WORK & YOUR SANITY
How can you get relief without quitting? Regular exercise, sound nutrition (fruits, berries, melons, and green leafy vegetables) and some form of daily meditation are useful stress busters. But there are some lesser-known antidotes to try.
Take a sick day
Do so before you feel you can’t stand the stress any longer or even become disrespectful to your co-workers or boss. Temporarily removing yourself from the work environment gives you the time and the distance you need to reflect on the precise causes of your stress, and how to eliminate them.
If you don’t call in sick now, your body may soon force you to. Remember the brain is a person itself and would do whatever it takes to keep itself at peace or homeostasis (balanced). Epidemiologists say that more than 80% of all visits to primary care physicians are for stress-related illnesses.
“If you don’t call in sick now, your body may soon force you to.”
Keep a journal
Use your time off to experiment with keeping a journal. The idea behind “journaling” is to create a stress diary, in which you detail the sources of your work stress, and list what you like about your job.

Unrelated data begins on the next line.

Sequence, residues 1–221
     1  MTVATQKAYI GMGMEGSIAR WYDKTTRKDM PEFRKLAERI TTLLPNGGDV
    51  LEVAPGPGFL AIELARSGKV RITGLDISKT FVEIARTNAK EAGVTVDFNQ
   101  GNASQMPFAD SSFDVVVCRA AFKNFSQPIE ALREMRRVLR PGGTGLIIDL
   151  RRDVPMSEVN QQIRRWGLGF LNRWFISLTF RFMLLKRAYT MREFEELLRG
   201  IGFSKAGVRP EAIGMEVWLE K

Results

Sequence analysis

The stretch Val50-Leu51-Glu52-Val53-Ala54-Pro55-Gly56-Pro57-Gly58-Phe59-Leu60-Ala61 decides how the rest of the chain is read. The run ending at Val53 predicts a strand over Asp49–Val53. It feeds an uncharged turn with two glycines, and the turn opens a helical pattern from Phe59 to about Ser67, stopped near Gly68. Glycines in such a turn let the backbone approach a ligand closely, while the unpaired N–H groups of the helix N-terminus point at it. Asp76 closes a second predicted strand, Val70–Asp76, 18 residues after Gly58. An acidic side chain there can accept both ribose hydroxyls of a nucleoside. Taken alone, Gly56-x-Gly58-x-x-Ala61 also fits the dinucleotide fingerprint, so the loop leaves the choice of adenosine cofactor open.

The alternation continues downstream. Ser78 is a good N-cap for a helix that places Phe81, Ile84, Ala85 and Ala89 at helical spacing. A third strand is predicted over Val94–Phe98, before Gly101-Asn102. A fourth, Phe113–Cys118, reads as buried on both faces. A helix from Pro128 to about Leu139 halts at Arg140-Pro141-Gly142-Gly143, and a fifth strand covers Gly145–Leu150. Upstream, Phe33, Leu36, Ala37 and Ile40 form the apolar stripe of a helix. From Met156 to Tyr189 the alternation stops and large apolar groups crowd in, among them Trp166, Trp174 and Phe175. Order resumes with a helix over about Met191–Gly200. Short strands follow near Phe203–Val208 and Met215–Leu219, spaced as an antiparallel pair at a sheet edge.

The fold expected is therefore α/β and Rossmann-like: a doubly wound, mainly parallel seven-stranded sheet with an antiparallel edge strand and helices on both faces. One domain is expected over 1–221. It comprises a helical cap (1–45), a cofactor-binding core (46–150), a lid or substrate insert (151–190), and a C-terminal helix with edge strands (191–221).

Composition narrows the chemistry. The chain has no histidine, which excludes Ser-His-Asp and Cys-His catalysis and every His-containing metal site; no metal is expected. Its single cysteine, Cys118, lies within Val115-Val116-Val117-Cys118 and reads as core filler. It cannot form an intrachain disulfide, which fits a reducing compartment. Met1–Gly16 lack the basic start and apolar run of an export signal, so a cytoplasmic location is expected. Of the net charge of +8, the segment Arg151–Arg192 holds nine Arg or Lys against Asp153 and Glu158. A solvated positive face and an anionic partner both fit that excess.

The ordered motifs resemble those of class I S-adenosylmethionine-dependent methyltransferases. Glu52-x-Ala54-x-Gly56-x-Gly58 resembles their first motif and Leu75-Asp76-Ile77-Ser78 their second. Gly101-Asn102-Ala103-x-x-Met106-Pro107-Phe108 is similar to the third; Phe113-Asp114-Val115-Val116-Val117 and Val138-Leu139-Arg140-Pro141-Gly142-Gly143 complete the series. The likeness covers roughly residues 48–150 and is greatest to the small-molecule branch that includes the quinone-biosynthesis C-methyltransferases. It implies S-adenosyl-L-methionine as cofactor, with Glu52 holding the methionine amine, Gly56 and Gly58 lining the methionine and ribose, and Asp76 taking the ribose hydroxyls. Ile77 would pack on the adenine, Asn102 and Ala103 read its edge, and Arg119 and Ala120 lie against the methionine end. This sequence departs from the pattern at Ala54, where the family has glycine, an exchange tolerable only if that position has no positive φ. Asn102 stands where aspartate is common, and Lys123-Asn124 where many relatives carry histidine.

When it comes to psychological stress, the way you perceive your circumstances play a big part in determining your response to them. Often, we exaggerate work problems in our minds. Writing them down helps us recognize this distortion.
Schedule your work time
Sometimes talking to yourself (don’t worry you are not crazy if you do) about a problem isn’t “enough” to solve it. In such cases, you must take action.
Now, when you find yourself spending too much time worrying about what action to take; schedule regular “worry focus” sessions. Allot 30 minutes a day to focus on what’s stressing you out.
Brainstorm possible solutions on your own, or with the help of a co-worker, close friend or distant family member. When your 30 minutes has ended, dismiss any worries by telling yourself, “No, those thoughts are for the next worry focus.”
Think twice about caffeine
The coffee, soda, energy drink, etc. that you depend on to get through a stressful morning may cause additional stress later in the day. Two cups of coffee a day contribute to anxiety.
More than two cups create anxiety. Some may try to outsmart their body by consuming one cup, unaware of the toxic chemicals inside of coffee that produces stress and addiction, due to the processes to make coffee. Find out how much caffeine is contained in the beverage you drink.
To encourage yourself to have noncaffeinated alternatives, tape a note on your mug reminding you to have “herbal” tea instead. Better still, keep a half-gallon bottle of water on your desk. Attempt to finish it by the end of the workday.
It will keep hunger at bay, discouraging stress-related snacking. When your body is adequately hydrated, it works better and produces more energy, the energy you need to do your job well and most importantly fight stress.